• Ella Sylvie

Why I'll Always be a Pessimist

All my life, I’ve seen the worst in things. I’ve tried to change that occasionally, but my pessimism always gets the best of me and I slip back into old habits. The thing is, I don’t mind it anymore. My family and friends get frustrated at my apparent insistence on expecting the worst at all times, but it’s just the way my mind makes sense of the world. Not to be too emo or anything… Anyway, throughout my eighteen years of pessimism, I have concluded that I’m glad to be this way. Let me explain why.


Firstly, life for an optimist must be exhausting. I can’t imagine having to constantly seek the silver lining that every cloud apparently possesses. Surely that’s just too hard? I mean, wouldn’t you have to get creative at some point? Because not everything has a positive side, and not everything will go your way. Feel sorry for yourself, have a cry if you want, then move onto something that might turn out better.


Being the cynic I am, though, I never assume that anything will turn out better than the last thing I tried. This has - believe it or not - led to a far preferable mindset and higher self-esteem than I would’ve otherwise had if I’d gone through life with permanent positivity. I think so anyway. I’m rarely disappointed and, especially relevant in recent times, I can cope better than most with difficult situations - because I expect them. My brain automatically concocts the worst imaginable outcome of a scenario, decision, action, etc; that way I’m able to avoid the unpleasant surprise element of a bad thing happening.


A prime example in my life right now is university applications. I’ve finished the entire process and am now waiting on decisions from various institutions. Guess how many I’m expecting to get into? That’s right - none! This isn’t because I think I’m unintelligent or entirely useless; in fact, my average grades would thankfully get me into every uni I applied to comfortably. I just don’t think I’ll get in. What if my personal statement appears really obnoxious to the admissions staff who read it? What if this year’s applicants are all geniuses who I can’t possibly compete with? What if I’m just ‘not what they’re looking for’? The possibilities are endless and rejection isn’t impossible, despite my friends, family and teachers having every confidence in me. If I get rejected, at least I’ll be mentally prepared! I won’t be disappointed… okay, maybe a little, but I won’t be surprised. That comforts me.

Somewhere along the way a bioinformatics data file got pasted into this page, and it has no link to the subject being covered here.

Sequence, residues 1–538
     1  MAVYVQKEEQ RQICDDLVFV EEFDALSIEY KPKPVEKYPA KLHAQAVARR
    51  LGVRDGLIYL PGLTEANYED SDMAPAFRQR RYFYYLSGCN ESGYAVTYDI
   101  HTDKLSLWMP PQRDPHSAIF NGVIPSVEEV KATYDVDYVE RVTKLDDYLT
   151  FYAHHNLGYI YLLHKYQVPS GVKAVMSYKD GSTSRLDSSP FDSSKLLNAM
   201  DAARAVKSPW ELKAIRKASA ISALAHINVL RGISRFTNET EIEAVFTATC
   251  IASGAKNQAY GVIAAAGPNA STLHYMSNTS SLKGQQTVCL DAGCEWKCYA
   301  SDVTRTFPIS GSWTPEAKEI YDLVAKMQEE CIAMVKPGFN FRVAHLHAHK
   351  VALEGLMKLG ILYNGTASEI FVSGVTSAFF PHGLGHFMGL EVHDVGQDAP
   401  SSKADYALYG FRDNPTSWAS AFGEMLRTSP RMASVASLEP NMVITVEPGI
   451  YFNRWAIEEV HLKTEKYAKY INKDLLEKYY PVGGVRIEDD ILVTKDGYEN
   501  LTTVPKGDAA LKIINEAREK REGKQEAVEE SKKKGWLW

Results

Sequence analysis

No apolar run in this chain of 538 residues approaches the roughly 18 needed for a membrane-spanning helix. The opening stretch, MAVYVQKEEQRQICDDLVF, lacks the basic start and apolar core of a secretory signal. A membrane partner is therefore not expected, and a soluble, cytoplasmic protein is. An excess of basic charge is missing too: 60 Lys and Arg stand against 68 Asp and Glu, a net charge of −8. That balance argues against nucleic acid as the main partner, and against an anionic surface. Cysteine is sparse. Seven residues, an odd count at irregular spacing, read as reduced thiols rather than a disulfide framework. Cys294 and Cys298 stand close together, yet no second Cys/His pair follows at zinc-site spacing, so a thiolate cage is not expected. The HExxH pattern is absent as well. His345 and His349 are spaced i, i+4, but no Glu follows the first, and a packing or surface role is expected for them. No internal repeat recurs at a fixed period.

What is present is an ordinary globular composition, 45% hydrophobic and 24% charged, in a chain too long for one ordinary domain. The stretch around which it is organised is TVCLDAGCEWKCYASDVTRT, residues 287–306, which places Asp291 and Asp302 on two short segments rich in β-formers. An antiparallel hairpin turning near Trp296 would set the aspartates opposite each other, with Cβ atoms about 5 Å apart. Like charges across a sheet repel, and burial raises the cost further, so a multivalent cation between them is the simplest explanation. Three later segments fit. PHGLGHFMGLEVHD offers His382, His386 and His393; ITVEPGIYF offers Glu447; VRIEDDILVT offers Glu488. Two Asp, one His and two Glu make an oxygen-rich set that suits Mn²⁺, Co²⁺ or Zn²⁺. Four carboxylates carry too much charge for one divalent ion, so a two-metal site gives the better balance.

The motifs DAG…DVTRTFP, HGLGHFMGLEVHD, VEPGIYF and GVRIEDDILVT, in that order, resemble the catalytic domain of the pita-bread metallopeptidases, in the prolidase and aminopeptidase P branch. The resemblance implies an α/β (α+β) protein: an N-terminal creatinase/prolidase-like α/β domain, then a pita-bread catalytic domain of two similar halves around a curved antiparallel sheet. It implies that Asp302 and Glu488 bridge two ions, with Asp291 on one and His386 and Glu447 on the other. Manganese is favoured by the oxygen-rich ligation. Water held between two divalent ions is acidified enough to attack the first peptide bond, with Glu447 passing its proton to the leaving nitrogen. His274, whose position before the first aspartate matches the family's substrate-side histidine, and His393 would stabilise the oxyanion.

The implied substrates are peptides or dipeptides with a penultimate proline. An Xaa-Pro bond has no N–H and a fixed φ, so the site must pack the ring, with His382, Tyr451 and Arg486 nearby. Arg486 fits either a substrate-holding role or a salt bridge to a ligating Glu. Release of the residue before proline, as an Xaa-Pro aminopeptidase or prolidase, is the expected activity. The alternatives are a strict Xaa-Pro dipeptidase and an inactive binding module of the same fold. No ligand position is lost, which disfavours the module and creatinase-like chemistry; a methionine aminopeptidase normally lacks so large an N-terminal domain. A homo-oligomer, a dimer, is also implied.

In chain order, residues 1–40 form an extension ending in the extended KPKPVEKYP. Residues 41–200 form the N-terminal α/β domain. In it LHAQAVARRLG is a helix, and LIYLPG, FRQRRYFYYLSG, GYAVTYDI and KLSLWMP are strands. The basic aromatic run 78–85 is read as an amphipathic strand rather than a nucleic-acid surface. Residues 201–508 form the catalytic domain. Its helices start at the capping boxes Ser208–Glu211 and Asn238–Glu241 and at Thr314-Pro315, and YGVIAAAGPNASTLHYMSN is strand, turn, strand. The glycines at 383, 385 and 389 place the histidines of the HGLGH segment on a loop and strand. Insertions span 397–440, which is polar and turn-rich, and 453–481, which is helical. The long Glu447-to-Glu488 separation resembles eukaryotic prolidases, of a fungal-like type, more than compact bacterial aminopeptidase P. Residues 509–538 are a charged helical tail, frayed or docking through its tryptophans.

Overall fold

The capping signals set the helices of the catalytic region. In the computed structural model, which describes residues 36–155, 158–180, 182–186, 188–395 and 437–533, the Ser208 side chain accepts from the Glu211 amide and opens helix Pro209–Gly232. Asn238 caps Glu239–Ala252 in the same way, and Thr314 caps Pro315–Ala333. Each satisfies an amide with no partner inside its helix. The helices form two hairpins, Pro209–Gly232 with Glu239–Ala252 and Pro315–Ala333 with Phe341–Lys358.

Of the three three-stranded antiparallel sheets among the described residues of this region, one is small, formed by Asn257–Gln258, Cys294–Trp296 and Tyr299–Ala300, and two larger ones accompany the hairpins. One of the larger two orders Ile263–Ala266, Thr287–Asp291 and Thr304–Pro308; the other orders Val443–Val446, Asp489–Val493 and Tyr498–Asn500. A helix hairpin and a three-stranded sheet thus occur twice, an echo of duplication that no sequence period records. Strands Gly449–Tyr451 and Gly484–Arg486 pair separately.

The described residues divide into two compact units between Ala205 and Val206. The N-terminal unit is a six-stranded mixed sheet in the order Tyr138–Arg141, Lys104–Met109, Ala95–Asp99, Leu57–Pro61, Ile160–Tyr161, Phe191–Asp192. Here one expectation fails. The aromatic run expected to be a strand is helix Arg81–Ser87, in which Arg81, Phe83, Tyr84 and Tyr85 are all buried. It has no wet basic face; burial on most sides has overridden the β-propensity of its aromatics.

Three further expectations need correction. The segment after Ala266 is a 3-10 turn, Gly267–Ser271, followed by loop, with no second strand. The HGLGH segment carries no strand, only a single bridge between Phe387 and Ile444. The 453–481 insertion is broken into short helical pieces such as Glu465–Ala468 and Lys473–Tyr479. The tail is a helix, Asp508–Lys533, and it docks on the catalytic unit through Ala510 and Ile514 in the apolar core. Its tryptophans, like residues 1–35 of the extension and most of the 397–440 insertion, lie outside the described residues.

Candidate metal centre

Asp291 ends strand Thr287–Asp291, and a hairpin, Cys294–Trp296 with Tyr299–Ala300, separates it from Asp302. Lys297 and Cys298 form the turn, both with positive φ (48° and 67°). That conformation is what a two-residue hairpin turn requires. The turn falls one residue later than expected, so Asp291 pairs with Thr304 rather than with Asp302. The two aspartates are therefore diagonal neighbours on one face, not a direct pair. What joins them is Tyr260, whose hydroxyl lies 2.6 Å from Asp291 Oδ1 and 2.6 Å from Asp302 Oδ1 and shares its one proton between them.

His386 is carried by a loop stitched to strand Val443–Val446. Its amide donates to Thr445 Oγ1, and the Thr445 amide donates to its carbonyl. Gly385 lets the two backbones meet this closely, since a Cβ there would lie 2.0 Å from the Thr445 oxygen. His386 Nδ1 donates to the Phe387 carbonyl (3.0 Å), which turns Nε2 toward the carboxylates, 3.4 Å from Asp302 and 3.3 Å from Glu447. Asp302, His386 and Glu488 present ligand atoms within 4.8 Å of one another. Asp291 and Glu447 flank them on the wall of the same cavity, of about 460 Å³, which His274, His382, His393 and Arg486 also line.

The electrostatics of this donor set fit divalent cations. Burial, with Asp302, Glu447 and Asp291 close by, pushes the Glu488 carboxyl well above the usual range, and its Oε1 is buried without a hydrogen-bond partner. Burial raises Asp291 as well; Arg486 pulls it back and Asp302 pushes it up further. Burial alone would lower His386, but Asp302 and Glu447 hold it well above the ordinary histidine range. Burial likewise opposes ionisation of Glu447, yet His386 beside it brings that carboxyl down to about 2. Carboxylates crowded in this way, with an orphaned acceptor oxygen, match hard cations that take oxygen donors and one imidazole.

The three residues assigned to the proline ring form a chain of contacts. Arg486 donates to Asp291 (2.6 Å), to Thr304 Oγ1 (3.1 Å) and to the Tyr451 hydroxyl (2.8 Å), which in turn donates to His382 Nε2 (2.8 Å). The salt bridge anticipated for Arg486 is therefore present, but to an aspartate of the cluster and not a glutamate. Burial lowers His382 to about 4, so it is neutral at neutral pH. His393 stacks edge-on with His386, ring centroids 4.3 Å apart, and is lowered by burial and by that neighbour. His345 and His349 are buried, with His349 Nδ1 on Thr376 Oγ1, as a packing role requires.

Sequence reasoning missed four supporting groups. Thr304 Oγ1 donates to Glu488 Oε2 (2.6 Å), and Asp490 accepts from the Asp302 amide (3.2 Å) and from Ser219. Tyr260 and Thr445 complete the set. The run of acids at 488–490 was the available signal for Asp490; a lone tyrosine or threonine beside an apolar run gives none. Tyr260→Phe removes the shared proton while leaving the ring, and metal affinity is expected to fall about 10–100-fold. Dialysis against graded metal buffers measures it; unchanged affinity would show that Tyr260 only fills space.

Despite literally everything I’ve just said, I do think I could use a bit more positivity floating around in my mind sometimes. Not so much that I become an optimist—hell no! A little could go a long way, though. In some ways, it already has. For example, I used to hate myself. Throughout my secondary school years until age sixteen, I thought I was truly the Scum of the Earth. I don’t even know why! And I feel totally differently now; not because I’ve changed a lot externally (even though I’ve done this coincidentally) but because my mindset has gradually shifted to a better place through my efforts. What I’m saying is, I’ve done it before and can do it again. In some ways, pessimism is helping me make sense of things, like with uni. However, I also could do with some alterations elsewhere.


I always assume the worst in other people. It sounds so bad to articulate this, but I genuinely just accept that I probably don’t like them. Yeah, I should definitely change that. I’m going to have to live and work and meet with new people throughout my life, so in this case, I’d say it’s probably more tiring to be like me than an optimist. As well as this, I can be pretty mean… this sounds like such a lame excuse, but it’s often not on purpose. I forget that not everyone expects the worst as I do, and at times that’s come across as me actively discouraging other people from trying to achieve big things. I would never do that! If optimism, manifestation or even plain old realism works for them, I need to just chill and let them be. There are many routes to the same destination—just because their approach is different from mine doesn’t make it wrong.


To add a sprinkle of positivity to my daily life, I’m trying to adopt some habits. I’ve started journaling, and I’m sure to include at least one happy occurrence each time I write - an achievement, something I’m grateful for, a nice snack I had that day, anything! It has actually made me more mindful and self-aware. I’m also massively trying to be more sustainable this year. I’m going vegetarian, replacing some of my plastic products like toothbrushes with biodegradable alternatives, and making moves towards giving up fast fashion altogether. The full-on, super-pessimist old me would’ve called this a waste of time because the planet is screwed already, but the new me dares to hope otherwise.


These things may not seem like huge changes, but notice I only ever claimed to be adding a sprinkle of positivity to my mindset! If I added too much, I wouldn’t be a pessimist anymore, and that is not my aim. I don’t think I even want to become a realist. Being a pessimist has taught me to be prepared, enjoy my own company and actually to push myself even harder, so that the worst possible outcome would still turn out to be satisfactory. The new habits I’m getting into will help me to be more appreciative, perceptive and environmentally aware and eventually, those things will become second nature too. They will never change my fundamental pessimism though. I hope nothing ever does. I hope to stay comfortably solitary, infrequently disappointed and, perhaps paradoxically, ambitious.